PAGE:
# Separating Numbers from a Text – [A Formula Challenge for You]!

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At Udemy, I run several courses on Excel and Data Analysis. In one of my free courses (Excel Formulas and Functions with Excel Formulas Cheat Sheet), Luis, one of the students in the course, asked me an interesting question as shown in the following screenshot. Luis asked this question in my Excel Formulas and Functions with Excel Formulas Cheat Sheet course at Udemy.

Below, I am showing a part of the data. You have to separate the number of parts from the texts in the \$ Amount column.

\$ Amount column is showing numbers in thousands (\$48.9K, \$2.2K, \$7K, and so on). The numbers seem that they are in Number format ( because they are middle aligned; numbers, by default, are placed in the middle of the Excel cells).

But they are not, just check the formatting of the \$ Amount column if you have downloaded the data.

Your challenge is, can you separate the numbers from the texts? And show them in full numbers? Example: \$48.9K will be shown as 48900, \$2.2K will be shown as 2200, and the numbers will be shown in Number format.

Example: \$48.9K will show as 48900, \$2.2K will show as 2200, and so on.

## What does Luis want?

Luis wants to see the overall money flow in a stock.

In Options trading, Calls are bets that a stock will rise and Puts are bets that a stock will fall.

In simple language, Luis wants to calculate the difference between the Total money invested in Calls Options and Total money invested in Puts Options.

Luis is guessing: If Total Money in Calls Options is higher than the Total Money in Puts Options, the stock should rise and vice versa. Things should not be that straightforward to predict a Stock in Options Trading, but it is obviously a better way than wild guessing when you’re trading Options.

Let’s now focus on the Excel problem, which is the main purpose of this post.

Luis was not able to separate the numbers from the texts in the \$ Amount column.

Can you do that?

I have solved this problem using Excel’s SUBSTITUTE(…) function.

Can you solve this problem in a better way? Try and post the solution in the comment box.

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1. Reply This could be one of the solutions: =MID(H5,2,LEN(H5)-2)*1000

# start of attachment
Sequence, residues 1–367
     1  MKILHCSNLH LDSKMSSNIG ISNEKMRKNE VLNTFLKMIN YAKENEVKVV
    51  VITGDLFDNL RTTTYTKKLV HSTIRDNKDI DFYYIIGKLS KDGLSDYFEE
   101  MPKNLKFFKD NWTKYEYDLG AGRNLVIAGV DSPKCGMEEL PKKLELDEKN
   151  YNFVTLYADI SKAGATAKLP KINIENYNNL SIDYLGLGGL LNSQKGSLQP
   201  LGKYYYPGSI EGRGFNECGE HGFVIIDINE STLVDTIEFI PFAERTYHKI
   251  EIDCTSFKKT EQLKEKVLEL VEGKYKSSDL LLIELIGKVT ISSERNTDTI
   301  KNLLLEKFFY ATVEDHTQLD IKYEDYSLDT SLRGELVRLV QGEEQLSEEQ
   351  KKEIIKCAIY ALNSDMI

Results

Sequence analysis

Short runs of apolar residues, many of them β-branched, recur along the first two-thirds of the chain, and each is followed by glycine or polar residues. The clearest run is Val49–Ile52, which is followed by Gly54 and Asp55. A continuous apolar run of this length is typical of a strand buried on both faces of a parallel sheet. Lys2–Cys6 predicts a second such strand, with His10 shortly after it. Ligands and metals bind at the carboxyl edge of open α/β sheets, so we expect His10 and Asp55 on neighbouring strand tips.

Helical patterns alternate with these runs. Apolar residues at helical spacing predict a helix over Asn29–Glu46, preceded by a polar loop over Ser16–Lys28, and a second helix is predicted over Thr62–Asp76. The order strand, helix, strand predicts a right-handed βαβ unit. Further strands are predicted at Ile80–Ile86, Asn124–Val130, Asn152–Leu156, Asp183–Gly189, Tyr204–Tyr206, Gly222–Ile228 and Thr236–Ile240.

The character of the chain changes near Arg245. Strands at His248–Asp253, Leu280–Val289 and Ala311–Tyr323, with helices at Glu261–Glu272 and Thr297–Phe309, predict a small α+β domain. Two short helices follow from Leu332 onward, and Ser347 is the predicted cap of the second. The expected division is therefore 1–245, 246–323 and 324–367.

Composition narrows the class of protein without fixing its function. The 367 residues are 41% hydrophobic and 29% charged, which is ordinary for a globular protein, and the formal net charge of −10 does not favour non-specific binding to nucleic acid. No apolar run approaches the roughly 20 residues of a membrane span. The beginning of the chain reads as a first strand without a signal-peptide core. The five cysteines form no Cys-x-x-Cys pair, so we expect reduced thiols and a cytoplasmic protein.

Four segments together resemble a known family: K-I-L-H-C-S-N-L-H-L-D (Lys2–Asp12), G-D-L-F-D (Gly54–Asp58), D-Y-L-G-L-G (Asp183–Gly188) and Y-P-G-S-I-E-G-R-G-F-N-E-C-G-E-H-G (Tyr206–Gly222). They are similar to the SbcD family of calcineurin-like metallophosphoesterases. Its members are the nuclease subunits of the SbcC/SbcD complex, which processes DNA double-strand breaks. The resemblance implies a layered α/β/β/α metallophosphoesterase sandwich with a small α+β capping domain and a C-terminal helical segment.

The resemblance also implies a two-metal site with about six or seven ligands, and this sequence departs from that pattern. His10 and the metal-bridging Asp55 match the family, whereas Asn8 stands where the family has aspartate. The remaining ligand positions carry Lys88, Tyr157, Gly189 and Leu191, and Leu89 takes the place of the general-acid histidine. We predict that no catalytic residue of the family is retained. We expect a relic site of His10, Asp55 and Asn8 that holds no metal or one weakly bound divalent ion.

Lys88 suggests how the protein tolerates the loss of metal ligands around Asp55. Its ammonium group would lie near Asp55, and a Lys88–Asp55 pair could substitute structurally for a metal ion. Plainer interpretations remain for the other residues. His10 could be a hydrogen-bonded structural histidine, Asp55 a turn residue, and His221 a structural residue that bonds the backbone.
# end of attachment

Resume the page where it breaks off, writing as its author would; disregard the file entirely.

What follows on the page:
• Reply Cool 😀

2. Reply Since the K is part of the cell contents (not formatting) I did it with
=LEFT(H5,LEN(H5)-1)*1000

A VBA solution would be to use the below function:

Function GetNumbers(Cell As Range) As Long
‘Pulls just the numbers from a cell
Dim LenStr As Long
For LenStr = 1 To Len(Cell)
Select Case Asc(Mid(Cell, LenStr, 1))
Case 48 To 57
GetNumbers = GetNumbers & Mid(Cell, LenStr, 1)
End Select
Next
End Function

• Reply Thanks for the input, specially for the VBA part!

3. Reply Actually, he said that some numbers might have a “M” for millions, so the correct function would be something like this:

=IF(RIGHT(H5,1)=”K”,LEFT(H5,LEN(H5)-1)*1000,IF(RIGHT(H5,1)=”M”,LEFT(H5,LEN(H5)-1)*1000000,0))

• Reply 4. Reply Krishnaprasad Menon Jul 15, 2016 at 10:59 AM

In the given question, the currency was \$ and your formula worked. If the currency changed into Euro or Pound, it will give an error. Hence the common solutions shall be
=MID(H5,2,(LEN(H5)-2))*1000 (where as H5 is the 1st cell in your data sheet)

• Reply Yes, Menon! It’s a nice solution and more generic!

5. Reply Thought I’d add my two pence worth. I generally try and use a VBA solution and error check as much as possible so that no errors are left in the cell contents. First I’d get the middle section of the value in the cell and then if the first character of the value is a monetary symbol and the middle section is a number, I test the last character.
If that is a “K”, multiply the middle section by one thousand.
If it is an “M”, multiply the middle section by one million
If it is a number then the result should be the whole cell value except for the monetary symbol (assuming that there can be values less than 1K and that they have no indicating suffix) and anything else is a zero. If the middle section is not a number or the first character is not a monetary symbol, that also results in a zero.

Function ConvertAmount(TheCell As Range)
Dim MidSection As Variant
Dim LastChar As Variant
With TheCell
MidSection = Mid(.Value, 2, Len(.Value) – 2)
LastChar = UCase(Right(.Value, 1))
If Left(.Value, 1) Like “[\$£€¥]” _
And IsNumeric(MidSection) Then
Select Case True
Case LastChar = “K”
ConvertAmount = MidSection * 1000
Case LastChar = “M”
ConvertAmount = MidSection * 1000000
Case IsNumeric(LastChar)
ConvertAmount = MidSection & LastChar
Case Else
ConvertAmount = 0
End Select
Else
ConvertAmount = 0
End If
End With
End Function

This code does not handle negative figures as there is no mention of them made in the challenge.

• Reply First Rate Work, Kadeo! Take my bow 😀

6. Reply I agree with Krishnaprasad – we must handle both K and M to solve the problem as stated. I propose the following, which executes a little faster than using IF statements:
= (LEFT(H6,LEN(H6)-1))*10^ ((RIGHT(H6,1)=”K”)*3 + (RIGHT(H6,1)=”M”)*6)
People don’t always do as we expect, so the following solution handles the case in which someone just enters the number without a K or M suffix:
= (LEFT(H6,LEN(H6)-INT(CODE(RIGHT(H6,1))/65)))*10^ ((RIGHT(H6,1)=”K”)*3 + (RIGHT(H6,1)=”M”)*6)
The addition to the formula captures the whole number if the last character is 0 through 9 and all except the final character if it is not.
INT(CODE(RIGHT(H6,1))/65) is zero for characters 0-9 and 1 for A-Z (and a-z).

• Reply Mike, you did a phenomenal job! Thinking in that way, awesome and the alternative!; Hats Off!

7. Reply I have chosen CHOOSE function() and the formula would be
‘=VALUE(MID(H5,2,LEN(TRIM(H5))-2))*CHOOSE(IF(FIND(“K”,H5)>0,1,IF(FIND(“M”,H5)>0,2,IF(FIND(“B”,H5)>0,3))),1000,100000,1000000)

• Reply Thanks, Mohan! Advanced Excel Exercises with Solutions PDF